Sunday night’s Game of Thrones is a bizarre and, at some points, rather revolting look back for some of our main characters, with a few slightly mismatched scenes sprinkled throughout.
We open in King’s Landing, where Tyrion finds it difficult to sincerely apologize to Jaime for pulling the rug out from under Tywin’s scheme. Last week’s phenomenal outburst on the stand ruined any hope he might’ve had of shipping off to Castle Black with an intact head, and now he’s in an even bigger pickle: who will fight for him in the trial-by-combat? Jaime? No, for all his talk, Jaime’s one-handedness has cost him dearly in terms of swordsmanship. Bronn? Bronn has totally sold out – he’s all set to marry a dim-witted lady with a substantial inheritance, and nothing Tyrion can offer will change his finely-dressed mind.
By the middle of the episode, Tyrion is utterly alone. Potential salvation comes in the form of Prince Oberyn’s torch-lit visit in the middle of the night. In true GoT style, Oberyn takes forever to get to the point – he prattles on about Tyrion’s birth, recalling that all of King’s Landing was abuzz with tales of the horrible monster baby (which proved anti-climactic when actual baby Tyrion was just a little bit disproportional – not at all the beast anyone had expected). Oberyn reveals the depth and longevity of Cersei’s hatred for Tyrion, remembering that she pinched his “tiny little pink cock” hard enough for lasting impact.
It’s an uncharacteristically teary scene for Tyrion – perhaps because he’s facing the gallows, perhaps because he doesn’t have his wine to keep him company, perhaps both. Oberyn takes his sweet time, but eventually reveals his cause for the visit: in an attempt to avenge his sister and destroy the Lannisters, he will fight for Tyrion in the upcoming trial-by-combat. Alright, Oberyn, do what you want – but you are fighting The Mountain – you know that, right? Tyrion’s relief feels a little bit premature in that sense. I’d be surprised if the trial didn’t end with Oberyn’s victory, though – this is TV. But what’ll that mean for the Hound? And won’t Cersei just find another, perhaps illegal way to do away with her son’s supposed murderer? I feel like there’s no real way out of this for Tyrion except skipping town.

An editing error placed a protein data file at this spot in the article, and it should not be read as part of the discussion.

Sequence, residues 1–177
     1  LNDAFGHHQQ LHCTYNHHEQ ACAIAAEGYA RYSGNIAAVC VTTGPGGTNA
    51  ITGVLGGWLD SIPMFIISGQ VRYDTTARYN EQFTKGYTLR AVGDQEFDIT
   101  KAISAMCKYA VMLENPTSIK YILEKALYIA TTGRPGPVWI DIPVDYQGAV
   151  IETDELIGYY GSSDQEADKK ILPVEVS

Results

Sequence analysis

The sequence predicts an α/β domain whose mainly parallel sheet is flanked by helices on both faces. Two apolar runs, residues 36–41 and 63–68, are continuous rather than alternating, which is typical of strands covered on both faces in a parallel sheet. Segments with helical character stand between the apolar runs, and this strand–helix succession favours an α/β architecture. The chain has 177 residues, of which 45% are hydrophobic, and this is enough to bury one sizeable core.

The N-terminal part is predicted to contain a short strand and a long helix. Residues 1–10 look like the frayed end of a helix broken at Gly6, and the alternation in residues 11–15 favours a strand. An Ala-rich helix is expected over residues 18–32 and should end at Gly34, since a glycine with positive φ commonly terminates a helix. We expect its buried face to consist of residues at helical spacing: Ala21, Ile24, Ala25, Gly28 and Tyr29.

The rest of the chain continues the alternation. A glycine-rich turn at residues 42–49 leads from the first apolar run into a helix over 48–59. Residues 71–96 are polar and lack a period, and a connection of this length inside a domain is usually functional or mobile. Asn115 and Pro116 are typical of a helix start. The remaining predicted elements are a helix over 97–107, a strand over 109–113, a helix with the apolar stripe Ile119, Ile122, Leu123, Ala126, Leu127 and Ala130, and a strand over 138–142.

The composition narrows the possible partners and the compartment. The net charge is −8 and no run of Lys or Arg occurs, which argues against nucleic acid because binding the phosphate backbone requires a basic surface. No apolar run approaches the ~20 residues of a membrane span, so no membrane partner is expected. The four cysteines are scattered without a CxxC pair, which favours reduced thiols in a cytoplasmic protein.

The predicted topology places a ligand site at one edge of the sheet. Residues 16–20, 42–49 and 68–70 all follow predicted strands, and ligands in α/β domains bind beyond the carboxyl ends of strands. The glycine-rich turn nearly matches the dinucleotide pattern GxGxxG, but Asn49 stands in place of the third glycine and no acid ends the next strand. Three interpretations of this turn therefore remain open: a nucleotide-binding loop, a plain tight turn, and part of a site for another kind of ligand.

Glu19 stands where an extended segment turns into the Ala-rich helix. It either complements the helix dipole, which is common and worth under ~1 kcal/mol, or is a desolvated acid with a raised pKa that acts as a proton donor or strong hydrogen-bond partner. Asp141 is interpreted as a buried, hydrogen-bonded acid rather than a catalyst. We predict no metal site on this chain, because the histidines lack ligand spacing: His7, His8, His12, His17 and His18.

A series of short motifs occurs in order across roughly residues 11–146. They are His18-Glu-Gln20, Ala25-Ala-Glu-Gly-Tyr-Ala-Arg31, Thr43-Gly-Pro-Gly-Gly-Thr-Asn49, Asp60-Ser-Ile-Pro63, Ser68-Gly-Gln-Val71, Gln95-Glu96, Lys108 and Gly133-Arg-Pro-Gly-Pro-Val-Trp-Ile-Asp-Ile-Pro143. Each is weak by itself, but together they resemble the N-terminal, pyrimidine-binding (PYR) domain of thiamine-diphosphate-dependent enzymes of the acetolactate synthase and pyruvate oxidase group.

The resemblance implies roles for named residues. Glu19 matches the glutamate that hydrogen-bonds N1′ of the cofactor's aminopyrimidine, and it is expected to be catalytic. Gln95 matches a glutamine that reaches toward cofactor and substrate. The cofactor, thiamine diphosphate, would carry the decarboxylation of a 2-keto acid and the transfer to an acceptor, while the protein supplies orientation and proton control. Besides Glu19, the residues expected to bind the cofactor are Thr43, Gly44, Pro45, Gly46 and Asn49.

Somewhere far from their desired destination, The Hound and Arya continue to slog on. Arya continues her killing spree when she sticks Needle through the chest of an attempted assailant, after which The Hound tells her chillingly, “You’re learning.” Is that a good thing? After doing away with the assailants, however, The Hound is left with a rather severe wound on his shoulder. You’d think that as a seasoned veteran of battle, he’d know how to take care of an injury, but he mainly grunts and swears until Arya finally steps in “I know you don’t like fire,” she says, holding a flaming stick with which she plans to burn away his infected flesh. Despite her best intentions, The Hound has a bit of a freak out and wholeheartedly rejects her advances. “Shut up about all of it,” he shouts – and she does, which leads her captor to go off on a surprisingly vulnerable spiel about what actually happened with the fireplace all those years ago. “I didn’t steal it,” he says, referring to the toy over which Gregor took fiery revenge over his little brother. “I was just playing with it. […] But the worst thing was that it was my brother who did it. And my father who protected him – told everyone my bedding caught fire.”
It seems that sooner or later, even the show’s most difficult characters finally crack open for us. Despite his brusqueness a few minutes before, The Hound’s childlike confession and eventual submission to Arya’s helping hand display the evolving nature of their relationship. At this point, the whole captor/captive scenario is just a formality – they’re both entirely willing to venture on to the Eyrie, and maybe even entirely willing to do it side-by-side.
Speaking of the Eyrie, it’s becoming increasingly clear that Sansa’s newfound home is only the tiniest bit better than King’s Landing in terms of circumstances. She, too, looks back to her childhood when she constructs a sweet little snow-replica of Winterfell, a pastime from which she clearly derives some significant comfort. Whereas in sunny King’s Landing, Sansa looked consistently wan and unwell, she appears to welcome the Eyrie’s snow as a relic of better times – she belongs in the cold and seems all the better for it. That is, until Robin joins her.